Fri | Aug 17, 2018

Jaevion Nelson | Worker rights under siege

Published:Saturday | December 9, 2017 | 12:00 AM

I have a love-hate relationship with many entities in the service industry. Bars, hotels, and restaurants are among the places I enjoy patronising for leisure or work, but they are also the places that cause me a lot of grief because of the poor working conditions workers, those at the lower levels especially, are subjected to.

Far too many of these establishments are a blatant reminder of some of the things that people have to deal with daily underemployment, low wages and long working hours, poor working conditions, abuse, from demanding customers, job insecurity, etc.

The situation is even more distressing because those who are affected often do not have unions or the wherewithal to take action when they are abused. In some cases, efforts to stand up for themselves and seek redress might result in them being fired or, at the very least, a suspension without pay.

In October, I was at a hotel on the north coast having breakfast when a male worker came to ask if he could sit with me. I found it quite odd, but I reluctantly obliged him, though I wanted to be by myself. I was very shocked to learn that at this particular hotel, staff who decide to use the dining area are obligated to sit with guests.

Failure to do so, if caught, results in immediate suspension, according to the man.

I was left almost speechless.

It is already bad that only certain categories of staff are allowed to consume food prepared for guests and even fewer who are allowed to eat in the dining areas. Why then must one be subjected to my willingness to eat with a stranger who happens to work there so they can have a meal?

"Mek mi tell yuh supm, breddah. We inna modern times, but a still slavery," he said as he described how demoralising it was for him to walk around the dining room trying to find someone to sit with so he could eat. Guests often turn down his request, so by the time he gets to the third no, he feels embarrassed and loses his appetite.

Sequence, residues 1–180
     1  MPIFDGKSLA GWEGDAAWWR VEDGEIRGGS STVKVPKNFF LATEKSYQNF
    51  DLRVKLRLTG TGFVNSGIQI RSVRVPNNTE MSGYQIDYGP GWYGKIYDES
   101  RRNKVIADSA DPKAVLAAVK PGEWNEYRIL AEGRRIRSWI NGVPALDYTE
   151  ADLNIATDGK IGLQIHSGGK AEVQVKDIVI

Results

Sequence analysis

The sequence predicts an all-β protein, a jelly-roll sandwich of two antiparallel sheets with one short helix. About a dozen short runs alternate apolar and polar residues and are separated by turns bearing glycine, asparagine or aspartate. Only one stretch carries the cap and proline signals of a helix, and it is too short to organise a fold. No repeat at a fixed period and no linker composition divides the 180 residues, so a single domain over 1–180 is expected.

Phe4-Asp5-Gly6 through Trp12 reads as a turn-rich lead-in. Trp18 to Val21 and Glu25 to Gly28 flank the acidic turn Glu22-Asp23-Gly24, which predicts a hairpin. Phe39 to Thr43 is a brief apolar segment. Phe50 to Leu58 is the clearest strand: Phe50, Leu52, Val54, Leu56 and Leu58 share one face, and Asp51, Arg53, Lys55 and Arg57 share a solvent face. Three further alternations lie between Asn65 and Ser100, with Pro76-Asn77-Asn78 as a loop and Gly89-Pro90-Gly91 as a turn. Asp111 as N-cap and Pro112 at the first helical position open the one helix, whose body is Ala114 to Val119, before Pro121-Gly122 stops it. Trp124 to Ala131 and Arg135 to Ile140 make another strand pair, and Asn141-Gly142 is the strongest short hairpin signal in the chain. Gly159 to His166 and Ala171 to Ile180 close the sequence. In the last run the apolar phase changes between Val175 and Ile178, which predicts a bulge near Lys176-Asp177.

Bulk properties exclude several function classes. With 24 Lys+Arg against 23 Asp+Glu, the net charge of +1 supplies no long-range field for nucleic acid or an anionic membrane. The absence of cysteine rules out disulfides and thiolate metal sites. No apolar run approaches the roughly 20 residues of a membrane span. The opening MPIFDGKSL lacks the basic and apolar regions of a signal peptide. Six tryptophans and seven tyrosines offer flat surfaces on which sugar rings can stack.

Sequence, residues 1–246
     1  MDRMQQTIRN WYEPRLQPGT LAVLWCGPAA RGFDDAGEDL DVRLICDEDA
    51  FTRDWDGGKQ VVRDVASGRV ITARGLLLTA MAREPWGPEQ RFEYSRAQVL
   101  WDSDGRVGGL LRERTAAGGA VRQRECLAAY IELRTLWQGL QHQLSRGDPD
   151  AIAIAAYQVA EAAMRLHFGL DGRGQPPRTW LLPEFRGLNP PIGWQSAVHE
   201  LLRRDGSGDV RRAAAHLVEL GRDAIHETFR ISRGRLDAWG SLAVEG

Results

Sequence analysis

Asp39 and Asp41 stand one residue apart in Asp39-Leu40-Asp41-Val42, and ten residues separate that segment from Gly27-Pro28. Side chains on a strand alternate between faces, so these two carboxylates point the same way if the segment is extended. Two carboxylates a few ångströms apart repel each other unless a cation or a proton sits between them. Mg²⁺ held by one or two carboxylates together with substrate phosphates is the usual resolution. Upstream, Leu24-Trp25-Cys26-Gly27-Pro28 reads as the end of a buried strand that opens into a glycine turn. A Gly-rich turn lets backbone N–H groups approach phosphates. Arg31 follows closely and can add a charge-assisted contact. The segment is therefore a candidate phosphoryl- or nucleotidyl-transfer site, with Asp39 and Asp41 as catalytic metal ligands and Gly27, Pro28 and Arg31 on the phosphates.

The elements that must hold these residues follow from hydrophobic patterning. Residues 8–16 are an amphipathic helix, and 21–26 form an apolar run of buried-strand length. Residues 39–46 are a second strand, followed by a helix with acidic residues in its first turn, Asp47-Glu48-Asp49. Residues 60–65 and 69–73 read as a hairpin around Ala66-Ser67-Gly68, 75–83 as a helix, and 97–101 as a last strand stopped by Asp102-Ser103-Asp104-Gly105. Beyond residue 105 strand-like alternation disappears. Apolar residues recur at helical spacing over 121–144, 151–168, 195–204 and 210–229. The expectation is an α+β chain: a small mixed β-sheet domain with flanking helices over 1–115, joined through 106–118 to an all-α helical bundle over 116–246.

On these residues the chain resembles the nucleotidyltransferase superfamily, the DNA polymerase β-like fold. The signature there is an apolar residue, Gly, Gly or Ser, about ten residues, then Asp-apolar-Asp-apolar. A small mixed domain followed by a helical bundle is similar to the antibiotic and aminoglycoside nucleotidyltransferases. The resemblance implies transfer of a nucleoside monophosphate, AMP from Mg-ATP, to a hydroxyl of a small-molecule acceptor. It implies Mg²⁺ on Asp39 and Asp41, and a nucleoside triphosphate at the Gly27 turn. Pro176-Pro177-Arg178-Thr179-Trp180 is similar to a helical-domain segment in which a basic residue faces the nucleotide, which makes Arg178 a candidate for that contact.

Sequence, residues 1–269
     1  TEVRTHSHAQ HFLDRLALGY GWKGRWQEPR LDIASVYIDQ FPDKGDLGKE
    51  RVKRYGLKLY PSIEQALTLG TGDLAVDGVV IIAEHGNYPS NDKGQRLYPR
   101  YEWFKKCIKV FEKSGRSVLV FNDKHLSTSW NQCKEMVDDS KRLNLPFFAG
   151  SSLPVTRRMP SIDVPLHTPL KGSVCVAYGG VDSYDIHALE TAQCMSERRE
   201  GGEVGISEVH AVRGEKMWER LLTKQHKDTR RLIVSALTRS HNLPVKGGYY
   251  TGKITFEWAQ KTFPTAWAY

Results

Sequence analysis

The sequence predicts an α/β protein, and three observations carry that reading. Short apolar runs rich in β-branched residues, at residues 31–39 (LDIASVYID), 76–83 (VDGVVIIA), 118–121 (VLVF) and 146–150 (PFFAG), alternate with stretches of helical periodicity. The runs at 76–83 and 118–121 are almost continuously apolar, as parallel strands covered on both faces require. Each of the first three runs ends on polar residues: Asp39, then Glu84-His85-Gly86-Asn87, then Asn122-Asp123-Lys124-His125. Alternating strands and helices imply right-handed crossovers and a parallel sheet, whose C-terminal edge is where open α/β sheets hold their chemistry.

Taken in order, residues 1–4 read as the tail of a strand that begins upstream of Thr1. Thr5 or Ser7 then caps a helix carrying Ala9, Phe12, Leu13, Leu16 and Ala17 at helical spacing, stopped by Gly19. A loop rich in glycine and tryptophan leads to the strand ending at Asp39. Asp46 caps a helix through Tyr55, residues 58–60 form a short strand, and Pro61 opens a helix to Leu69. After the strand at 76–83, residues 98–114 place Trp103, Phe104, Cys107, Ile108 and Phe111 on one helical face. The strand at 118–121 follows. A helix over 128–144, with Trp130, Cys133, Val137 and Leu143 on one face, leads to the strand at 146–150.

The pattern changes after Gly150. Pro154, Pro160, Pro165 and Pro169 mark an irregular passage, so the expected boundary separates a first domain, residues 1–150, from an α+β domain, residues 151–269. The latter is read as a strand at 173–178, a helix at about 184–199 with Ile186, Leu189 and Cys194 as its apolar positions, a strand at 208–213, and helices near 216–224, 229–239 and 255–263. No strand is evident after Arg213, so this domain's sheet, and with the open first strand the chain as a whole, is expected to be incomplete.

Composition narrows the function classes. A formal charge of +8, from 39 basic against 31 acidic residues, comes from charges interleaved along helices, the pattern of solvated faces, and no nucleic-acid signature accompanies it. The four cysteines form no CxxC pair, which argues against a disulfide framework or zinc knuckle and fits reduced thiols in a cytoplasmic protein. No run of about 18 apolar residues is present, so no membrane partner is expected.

His comment reminded me of a discussion my colleagues and I had with a waitress at dinner in September at another hotel. "A slavery, but weh mi fi do?" she asked as she shared about the long hours she works, the low pay, leaving work at midnight with no transportation provided by the company to get home, and having to purchase food, though there was so much being wasted every day there.

As I said last December, "The sectors/industries that successive governments have depended and prided themselves on [... are] responsible for such rampant abuse of the rights of their workers (See Abuse of Workers' Rights At The Workplace).

The secretary general of the United Nations World Tourism Organization (UNWTO) Taleb Rifai's reference to the all-inclusive hotels as "modern-day plantations" at the recently held Global Conference on Jobs and Inclusive Growth: Partnerships for Sustainable Development in Montego Bay, St James, was timely.

According to reports, Rifai said, "We cannot continue to promote modern-day plantations in our own countries called exclusive resorts. That is not the model we are looking for at all."

I agree with him wholeheartedly! Government must pursue a better model and take some time out of the not-so-busy parliamentary schedule to discuss the situation with worker rights in this country. We also have to demand that these entities do more for the communities where they are located and the people who work there.

Rifai's comments should have prodded a national conversation that we have been avoiding for far too long. It's time we face the uncomfortable truth.

According to Professor Verene Shepherd, some of the characteristics of the plantation are (taken verbatim from her Facebook):

- a total institution;

- mostly foreign owned (by individuals or corporations);

- owners have little attachment to the country of location;

- development confined to the immediate environs;

- inputs largely imported profits/outputs largely exported;

- no forward, backward or final demand linkages;

- large unskilled labour force, largely women in the domestic aspects;

- low or no wages;

- long hours of work for low-skilled workers;

- very low labour representation;

- profits do not trickle down and workers are not allowed to own shares;

- top management comes from expats.

Do you see any similarities here with your favourite hotel? Is it not time for us to rekindle with our passion for protecting worker rights and ensure their protection? Let's start the conversation.

- Jaevion Nelson is a youth development, HIV, and human-rights advocate. Email feedback to and